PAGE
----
“I’ve never been more optimistic since I’ve been in public life than I am now about schools going forward,” Cooper said. “You’ve got a strong superintendent (MNPS Direct Adrienne Battle), a strong working relationship with the school board, a mayor and a council making historic investments in public education, teacher retention is excellent and you have the Biden money which really can be transformational.”
Cooper was referring to the federal stimulus funds passed under President Joe Biden’s American Rescue Plan, which earmarked $275 million directly for MNPS. That’s on top of $123 million from President Donald Trump’s stimulus plan passed late in 2020. Taken together, Cooper said the city has the opportunity to make critical investments in short order that might otherwise have taken a decade or more to achieve. He pointed to last year’s funds to provide a laptop for every MNPS student who needed one as an example of the city leveraging the federal money on education.
“We got 10 years worth of digital platform-building done in the last year. It really would have taken 10 years to get to where we are now,” he said. “You’re bringing a new-era tool to the table to help expand the platform for education. You put all these things together, this really has all this optimism in education going forward. It was not that many years ago when every one of these facts would have been the reverse: an uncertain superintendent, a board was challenged, there were rumors the state wanted to take over, maybe the mayor wanted to take over, there was no funding. It was going to be years before students got laptops, teachers were leaving in droves. Right now, I’ve never been more optimistic about the future.”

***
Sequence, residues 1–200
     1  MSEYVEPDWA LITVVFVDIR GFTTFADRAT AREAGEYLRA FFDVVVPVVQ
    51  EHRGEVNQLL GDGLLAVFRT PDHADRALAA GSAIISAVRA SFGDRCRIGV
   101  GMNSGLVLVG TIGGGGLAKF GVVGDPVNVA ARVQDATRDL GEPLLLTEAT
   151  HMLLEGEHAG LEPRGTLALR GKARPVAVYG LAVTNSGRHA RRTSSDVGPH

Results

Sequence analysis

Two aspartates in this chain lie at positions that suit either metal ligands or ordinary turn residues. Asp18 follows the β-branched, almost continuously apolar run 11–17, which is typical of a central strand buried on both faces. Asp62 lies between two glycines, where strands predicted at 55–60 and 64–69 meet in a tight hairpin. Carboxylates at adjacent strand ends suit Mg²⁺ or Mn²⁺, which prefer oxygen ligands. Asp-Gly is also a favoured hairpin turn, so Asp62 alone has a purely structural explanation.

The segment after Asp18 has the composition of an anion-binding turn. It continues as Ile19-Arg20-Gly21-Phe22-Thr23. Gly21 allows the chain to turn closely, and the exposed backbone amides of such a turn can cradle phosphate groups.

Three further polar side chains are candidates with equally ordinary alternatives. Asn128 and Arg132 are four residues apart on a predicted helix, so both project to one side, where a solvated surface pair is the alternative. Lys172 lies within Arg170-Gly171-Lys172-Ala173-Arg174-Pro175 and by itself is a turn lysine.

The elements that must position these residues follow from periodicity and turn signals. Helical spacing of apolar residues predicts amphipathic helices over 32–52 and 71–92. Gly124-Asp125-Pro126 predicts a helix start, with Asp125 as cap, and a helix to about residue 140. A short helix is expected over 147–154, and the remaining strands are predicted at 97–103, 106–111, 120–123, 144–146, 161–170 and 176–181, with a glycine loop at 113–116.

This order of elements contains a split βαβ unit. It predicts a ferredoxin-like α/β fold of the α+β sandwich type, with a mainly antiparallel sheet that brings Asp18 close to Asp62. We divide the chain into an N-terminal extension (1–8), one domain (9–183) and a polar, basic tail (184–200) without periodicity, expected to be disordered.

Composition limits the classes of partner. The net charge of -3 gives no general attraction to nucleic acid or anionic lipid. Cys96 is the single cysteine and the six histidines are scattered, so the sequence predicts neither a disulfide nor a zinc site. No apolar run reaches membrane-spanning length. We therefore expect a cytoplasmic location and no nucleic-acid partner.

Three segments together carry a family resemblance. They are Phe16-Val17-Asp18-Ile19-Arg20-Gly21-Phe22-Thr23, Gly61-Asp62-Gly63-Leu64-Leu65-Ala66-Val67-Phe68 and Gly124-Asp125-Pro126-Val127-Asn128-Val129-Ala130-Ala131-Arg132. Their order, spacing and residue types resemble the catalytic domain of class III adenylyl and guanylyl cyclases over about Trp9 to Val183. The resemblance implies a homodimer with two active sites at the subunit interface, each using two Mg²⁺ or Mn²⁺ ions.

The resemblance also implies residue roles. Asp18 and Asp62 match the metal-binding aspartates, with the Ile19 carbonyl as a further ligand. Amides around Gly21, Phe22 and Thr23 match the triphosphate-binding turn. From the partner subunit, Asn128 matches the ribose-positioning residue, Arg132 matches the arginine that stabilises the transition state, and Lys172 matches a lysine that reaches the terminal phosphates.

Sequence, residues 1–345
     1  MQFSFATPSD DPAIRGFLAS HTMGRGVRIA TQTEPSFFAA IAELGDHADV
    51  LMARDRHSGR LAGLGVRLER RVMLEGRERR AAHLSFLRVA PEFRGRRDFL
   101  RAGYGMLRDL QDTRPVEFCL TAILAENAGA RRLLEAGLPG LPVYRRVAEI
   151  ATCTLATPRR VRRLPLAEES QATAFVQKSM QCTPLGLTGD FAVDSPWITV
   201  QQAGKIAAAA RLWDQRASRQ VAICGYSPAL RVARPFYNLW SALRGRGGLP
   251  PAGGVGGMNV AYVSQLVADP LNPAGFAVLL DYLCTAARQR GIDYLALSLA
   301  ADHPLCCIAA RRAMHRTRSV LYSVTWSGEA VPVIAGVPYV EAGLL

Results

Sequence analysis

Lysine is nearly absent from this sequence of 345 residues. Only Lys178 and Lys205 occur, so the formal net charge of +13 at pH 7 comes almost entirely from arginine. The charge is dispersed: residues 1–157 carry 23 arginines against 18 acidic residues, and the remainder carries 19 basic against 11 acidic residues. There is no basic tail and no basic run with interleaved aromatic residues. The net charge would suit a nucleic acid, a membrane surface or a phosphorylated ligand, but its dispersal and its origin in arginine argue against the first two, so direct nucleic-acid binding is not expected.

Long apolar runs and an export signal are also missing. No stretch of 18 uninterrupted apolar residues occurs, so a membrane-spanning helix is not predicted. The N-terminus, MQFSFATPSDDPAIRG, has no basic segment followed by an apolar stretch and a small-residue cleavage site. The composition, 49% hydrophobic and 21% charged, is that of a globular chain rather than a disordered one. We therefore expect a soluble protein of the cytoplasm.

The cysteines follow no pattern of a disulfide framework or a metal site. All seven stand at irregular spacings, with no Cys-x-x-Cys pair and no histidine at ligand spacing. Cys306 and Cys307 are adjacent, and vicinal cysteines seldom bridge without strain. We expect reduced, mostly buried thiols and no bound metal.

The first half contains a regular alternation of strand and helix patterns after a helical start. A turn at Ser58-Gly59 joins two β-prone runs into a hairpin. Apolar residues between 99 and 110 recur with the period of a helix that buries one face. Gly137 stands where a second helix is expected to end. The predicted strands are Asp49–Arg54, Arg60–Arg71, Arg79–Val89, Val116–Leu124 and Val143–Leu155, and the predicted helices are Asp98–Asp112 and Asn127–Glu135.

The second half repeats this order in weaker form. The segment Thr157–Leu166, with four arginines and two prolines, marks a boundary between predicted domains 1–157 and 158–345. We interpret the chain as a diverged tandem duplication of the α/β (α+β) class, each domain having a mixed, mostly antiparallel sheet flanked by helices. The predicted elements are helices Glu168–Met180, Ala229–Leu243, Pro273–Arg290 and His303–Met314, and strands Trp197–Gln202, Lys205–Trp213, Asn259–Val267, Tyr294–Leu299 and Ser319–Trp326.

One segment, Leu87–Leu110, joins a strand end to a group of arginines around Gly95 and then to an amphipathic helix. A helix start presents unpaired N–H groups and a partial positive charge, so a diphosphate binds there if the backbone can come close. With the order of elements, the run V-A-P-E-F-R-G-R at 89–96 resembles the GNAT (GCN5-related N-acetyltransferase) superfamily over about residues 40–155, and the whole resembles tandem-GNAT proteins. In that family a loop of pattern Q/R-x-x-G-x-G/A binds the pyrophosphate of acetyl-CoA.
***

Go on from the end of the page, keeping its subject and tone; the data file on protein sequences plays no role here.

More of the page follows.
Metro Councilman Dave Rosenberg agreed. Rosenberg said he didn’t know what to think about Cooper on the issue of education following the 2019 campaign, and worried about whether the city would follow through on its funding commitment to build the new Bellevue high school.
Frankly, I'm just blown away that he's not just making financial investments, but communicating with Dr. Battle regularly and with school board reps. For a guy whose public education was never something I've known him to be passionate about, he's been a game-changer on it.
– Dave Rosenberg, Metro Councilmember
Rosenberg said the working relationship between Battle and Cooper’s offices is especially encouraging. The goal of the teacher compensation overhaul was to give MNPS teachers raises at strategic intervals in their careers when in previous years top talent was leaving the district for better paying jobs. The largest raises are for teachers in years eight through 15 of their careers.
“A long while back, the mayor was talking to me about something unrelated and he was going on about the teacher pay study,” Rosenberg. “He was saying he was looking forward to getting that information back and then being able to act on it. And then, the historic capital investment when there are a lot of other priorities in the city that he could have used as other reasons not to do that. And there are plenty of needs now.